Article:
At first, it looks like just another effigy. A man in bishop’s robes carved in stone lies in peaceful repose, one hand raised in blessing, his head guarded by an angel. But beneath the effigy is another figure – shockingly, this is the figure of a rotting corpse, wrapped only in a shroud. This is the cadaver tomb of Bishop Richard Fleming at Lincoln Cathedral, and it is the oldest one still surviving in England.
Cadaver tombs, or transi tombs as they are also known, began to be used in the 14th Century, after the Black Death had swept through Europe, killing at least one third and perhaps as much as one half of the population. Mortality on a such a vast, shocking scale would have been deeply unsettling to those left behind, and the macabre imagery of the cadaver tomb reflects people’s heightened preoccupation with death at this time. The cadaver sculpure could act as a memento mori, a reminder of death, and subverted the popular fashion for effigies to depict an idealised image of the deceased. In medieval Europe, where belief in Heaven, Hell and the afterlife was powerful, the cadaver tomb would serve as a sobering reminder to those viewing it that everyone must die.
Of course, such ornate and ostentatious tombs were only created for the priveliged few. Bishop Richard Fleming, the man commemorated by the cadaver tomb at Lincoln, was a powerful individual who founded Lincoln College, Oxford and died in 1431. The effigies of the rotting corpses of the rich and powerful were incredibly symbolic – not only did they show death as being the great leveller, but they have also been interpreted as being penitential. By choosing to have themselves depicted in a shocking state of physical decay, individuals were atoning for their worldly riches and power and hoping to gain salvation in the next world. Kathleen Cohen, in Metamorphasis of a Death Symbol, argues that this penitential role was the primary concern of transi tombs – that the inviduals who commissioned them were first and foremost concerned with the fate of their own souls, rather than simply seeking to have a tomb that would pass on a moralistic message to others.
As shocking as the imagery on Bishop Fleming’s tomb might seem to us today, English cadaver tombs tended to be more restrained than some of their Continental counterparts. Some depicted corpses being devoured by vermin, a far cry from a peacefully resting body. The elaborate transi tomb of René du Chalon depicts the young prince as a skeletal figure with strips of flesh hanging from the bones. His heart was originally enclosed in the effigy’s hand; it has since been lost.
The fashion for transi tombs began in Europe, but Bishop Fleming’s tomb was one of the very first in Britain. Such tombs were often commissioned by an individual before their death – perhaps Fleming’s choice of tomb had been inspired by tombs he’d seen or heard about in Europe. The rich continued to commission cadaver tombs for themselves until the 16th Century, with later examples – like that of René du Chalon, who died in 1544 – often being more elaborate and shocking than earlier transi tombs.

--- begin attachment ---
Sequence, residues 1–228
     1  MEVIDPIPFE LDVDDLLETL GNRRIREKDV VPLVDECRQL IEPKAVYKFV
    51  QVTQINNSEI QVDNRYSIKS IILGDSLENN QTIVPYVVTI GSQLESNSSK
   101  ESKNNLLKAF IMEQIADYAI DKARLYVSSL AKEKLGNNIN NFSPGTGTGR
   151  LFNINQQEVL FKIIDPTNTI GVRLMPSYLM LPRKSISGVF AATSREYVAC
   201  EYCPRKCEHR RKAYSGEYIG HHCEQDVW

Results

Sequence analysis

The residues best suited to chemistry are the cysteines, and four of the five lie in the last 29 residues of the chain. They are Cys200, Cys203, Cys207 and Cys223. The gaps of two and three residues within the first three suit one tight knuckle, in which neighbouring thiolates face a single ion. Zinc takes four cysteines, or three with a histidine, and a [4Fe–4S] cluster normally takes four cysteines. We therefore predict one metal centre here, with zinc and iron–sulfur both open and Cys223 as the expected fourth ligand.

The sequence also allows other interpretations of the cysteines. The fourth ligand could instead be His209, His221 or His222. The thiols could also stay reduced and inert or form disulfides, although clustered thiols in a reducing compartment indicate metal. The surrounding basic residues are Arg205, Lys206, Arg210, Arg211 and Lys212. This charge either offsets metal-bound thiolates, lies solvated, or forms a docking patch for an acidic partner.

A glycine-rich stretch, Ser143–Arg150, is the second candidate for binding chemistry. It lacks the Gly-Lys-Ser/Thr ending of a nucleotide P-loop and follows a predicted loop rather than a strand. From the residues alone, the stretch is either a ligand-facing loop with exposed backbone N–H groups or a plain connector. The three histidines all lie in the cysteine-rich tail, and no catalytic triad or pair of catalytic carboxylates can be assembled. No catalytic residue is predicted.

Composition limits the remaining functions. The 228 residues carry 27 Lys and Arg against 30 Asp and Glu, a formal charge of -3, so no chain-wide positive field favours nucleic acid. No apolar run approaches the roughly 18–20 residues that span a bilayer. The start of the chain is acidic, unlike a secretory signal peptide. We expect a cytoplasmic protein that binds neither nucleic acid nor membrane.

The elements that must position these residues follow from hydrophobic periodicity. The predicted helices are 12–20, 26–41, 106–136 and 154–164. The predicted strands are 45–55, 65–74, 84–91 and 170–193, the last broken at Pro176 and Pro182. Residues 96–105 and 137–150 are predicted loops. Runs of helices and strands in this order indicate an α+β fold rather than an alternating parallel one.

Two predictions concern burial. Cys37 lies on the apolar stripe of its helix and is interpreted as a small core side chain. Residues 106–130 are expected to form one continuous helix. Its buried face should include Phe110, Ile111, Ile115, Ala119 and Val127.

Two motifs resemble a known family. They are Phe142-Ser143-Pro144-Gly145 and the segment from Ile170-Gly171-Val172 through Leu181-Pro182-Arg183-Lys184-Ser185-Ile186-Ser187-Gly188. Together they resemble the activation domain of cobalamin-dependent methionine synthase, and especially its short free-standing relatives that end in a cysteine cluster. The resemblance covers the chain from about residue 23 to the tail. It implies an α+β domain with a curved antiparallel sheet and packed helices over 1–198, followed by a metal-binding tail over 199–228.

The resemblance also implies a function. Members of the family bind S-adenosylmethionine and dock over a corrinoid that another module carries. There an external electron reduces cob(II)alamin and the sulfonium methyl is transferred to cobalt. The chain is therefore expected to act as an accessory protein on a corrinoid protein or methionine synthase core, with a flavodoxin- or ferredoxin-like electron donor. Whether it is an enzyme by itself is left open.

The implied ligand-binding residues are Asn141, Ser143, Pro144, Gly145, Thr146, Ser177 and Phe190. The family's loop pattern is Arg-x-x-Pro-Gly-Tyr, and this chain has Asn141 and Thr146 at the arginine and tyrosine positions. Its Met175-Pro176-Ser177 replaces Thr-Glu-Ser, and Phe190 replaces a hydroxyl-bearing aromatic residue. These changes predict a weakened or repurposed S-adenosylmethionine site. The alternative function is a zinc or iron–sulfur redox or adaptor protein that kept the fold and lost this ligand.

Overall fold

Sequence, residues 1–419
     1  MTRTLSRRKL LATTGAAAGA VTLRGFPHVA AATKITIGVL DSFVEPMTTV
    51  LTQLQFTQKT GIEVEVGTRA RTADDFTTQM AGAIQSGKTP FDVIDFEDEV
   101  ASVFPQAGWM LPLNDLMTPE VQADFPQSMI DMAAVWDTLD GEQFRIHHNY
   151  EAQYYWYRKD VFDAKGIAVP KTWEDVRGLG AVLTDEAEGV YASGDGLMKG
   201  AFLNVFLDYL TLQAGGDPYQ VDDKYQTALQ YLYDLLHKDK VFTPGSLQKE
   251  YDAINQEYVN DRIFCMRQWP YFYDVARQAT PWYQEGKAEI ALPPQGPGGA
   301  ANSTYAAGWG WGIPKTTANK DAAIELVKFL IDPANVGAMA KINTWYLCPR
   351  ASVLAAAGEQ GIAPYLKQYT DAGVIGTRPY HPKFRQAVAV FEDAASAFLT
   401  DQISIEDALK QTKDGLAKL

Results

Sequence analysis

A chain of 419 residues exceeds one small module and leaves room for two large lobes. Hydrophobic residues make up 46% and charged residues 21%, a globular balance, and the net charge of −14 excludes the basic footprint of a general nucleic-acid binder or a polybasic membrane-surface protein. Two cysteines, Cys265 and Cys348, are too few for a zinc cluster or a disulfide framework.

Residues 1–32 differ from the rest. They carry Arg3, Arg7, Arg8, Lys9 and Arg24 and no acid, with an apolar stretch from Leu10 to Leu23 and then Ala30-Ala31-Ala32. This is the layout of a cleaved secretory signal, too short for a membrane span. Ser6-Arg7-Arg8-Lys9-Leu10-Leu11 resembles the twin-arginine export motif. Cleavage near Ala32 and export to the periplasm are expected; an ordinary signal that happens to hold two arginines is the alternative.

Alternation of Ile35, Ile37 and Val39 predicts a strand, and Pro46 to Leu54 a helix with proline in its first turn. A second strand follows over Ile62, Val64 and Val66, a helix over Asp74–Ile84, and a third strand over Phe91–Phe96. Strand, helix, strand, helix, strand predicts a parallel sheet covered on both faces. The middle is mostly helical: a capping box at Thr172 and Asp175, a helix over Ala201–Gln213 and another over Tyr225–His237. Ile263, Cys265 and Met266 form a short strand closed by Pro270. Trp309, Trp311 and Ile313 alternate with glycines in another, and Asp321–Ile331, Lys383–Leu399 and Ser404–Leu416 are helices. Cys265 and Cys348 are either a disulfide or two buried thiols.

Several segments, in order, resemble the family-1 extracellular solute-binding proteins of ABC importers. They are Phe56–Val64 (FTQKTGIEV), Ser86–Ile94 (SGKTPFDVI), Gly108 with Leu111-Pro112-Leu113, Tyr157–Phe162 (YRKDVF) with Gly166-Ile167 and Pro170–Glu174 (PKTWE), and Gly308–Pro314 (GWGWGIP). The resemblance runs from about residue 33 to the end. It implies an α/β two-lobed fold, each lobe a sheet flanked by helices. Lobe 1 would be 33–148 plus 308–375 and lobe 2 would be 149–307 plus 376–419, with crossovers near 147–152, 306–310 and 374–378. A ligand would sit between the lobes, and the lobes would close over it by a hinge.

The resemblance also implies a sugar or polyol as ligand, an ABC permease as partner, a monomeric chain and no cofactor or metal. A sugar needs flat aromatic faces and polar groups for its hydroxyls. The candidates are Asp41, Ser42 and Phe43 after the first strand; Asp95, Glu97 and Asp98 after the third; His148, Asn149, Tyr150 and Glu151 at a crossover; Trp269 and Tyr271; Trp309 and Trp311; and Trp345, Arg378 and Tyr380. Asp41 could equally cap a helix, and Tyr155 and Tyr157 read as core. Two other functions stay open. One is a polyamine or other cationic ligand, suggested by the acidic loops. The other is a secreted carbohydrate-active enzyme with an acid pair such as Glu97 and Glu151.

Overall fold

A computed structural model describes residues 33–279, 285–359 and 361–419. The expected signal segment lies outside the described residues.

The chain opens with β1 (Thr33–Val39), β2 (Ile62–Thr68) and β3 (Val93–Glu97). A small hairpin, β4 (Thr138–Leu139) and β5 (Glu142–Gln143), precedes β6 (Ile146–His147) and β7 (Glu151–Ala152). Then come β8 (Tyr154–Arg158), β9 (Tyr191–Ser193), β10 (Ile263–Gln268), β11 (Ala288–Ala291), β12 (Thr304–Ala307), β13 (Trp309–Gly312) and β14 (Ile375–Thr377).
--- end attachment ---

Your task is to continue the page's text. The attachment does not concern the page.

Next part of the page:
The popularity of cadaver tombs roughly coincided with another macabre artistic trend – the Danse Macabre, or Dance of Death. This typically featured skeletons and corpses breaking free of their graves and dancing, or perhaps taking a living person by the hand as they passed from life to death. Examples of Danse Macabre paintings have been found not only as prints, paintings and woodcuts but as wall paintings in public buildings or private residences. The cloister at Old St Paul’s Cathedral in London was once decorated with a Danse Macabre, and a mural still survives in St Nicholas’ Chapel at Haddon Hall in Derbyshire.
Like the cadaver tombs, the Danse Macabre reminded viewers not only of the inevitability of death, but also of death as the great leveller – even the rich and powerful could not escape it. Although both transi tombs and Danse Macabre images became less popular after the Protestant Reformation in the 16th Century, memento mori images (especially skulls) on portraits, graves and even items such as jewellery continued to be popular.
Bishop Fleming’s tomb was damaged during the English Civil War in the mid 17th Century, and restored during the Victorian period. Like other monuments and decorations in churches during the medieval period, it’s possible that the tomb was originally brightly painted, which would have made it even more striking and frightening. Today, many of the visitors to the magnificent Lincoln Cathedral probably walk past the tomb without realising the cadaver effigy is even there. It’s a strange relic of a very odd tradition that has somehow survived over the years, giving us an insight into one of the ways that the people of the medieval period tried to make sense of the dreadful mortality of the Black Death.
References and further reading
Kathleen Cohen – Metamorphasis of a Death Symbol: the Transi Tomb in the Late Middle Ages and the Renaissance, University of California Press, 1992 (accessed via Google Books)
A taste for the macabre – late medieval cadaver tombs, Medieval Church Art, 7th September 2008 http://medieval-church-art.blogspot.co.uk/2008/09/taste-for-macabre-late-medieval-cadaver.html
Transi de René de Chalon, Atlas Obscura http://www.atlasobscura.com/places/transi-de-ren-de-chalon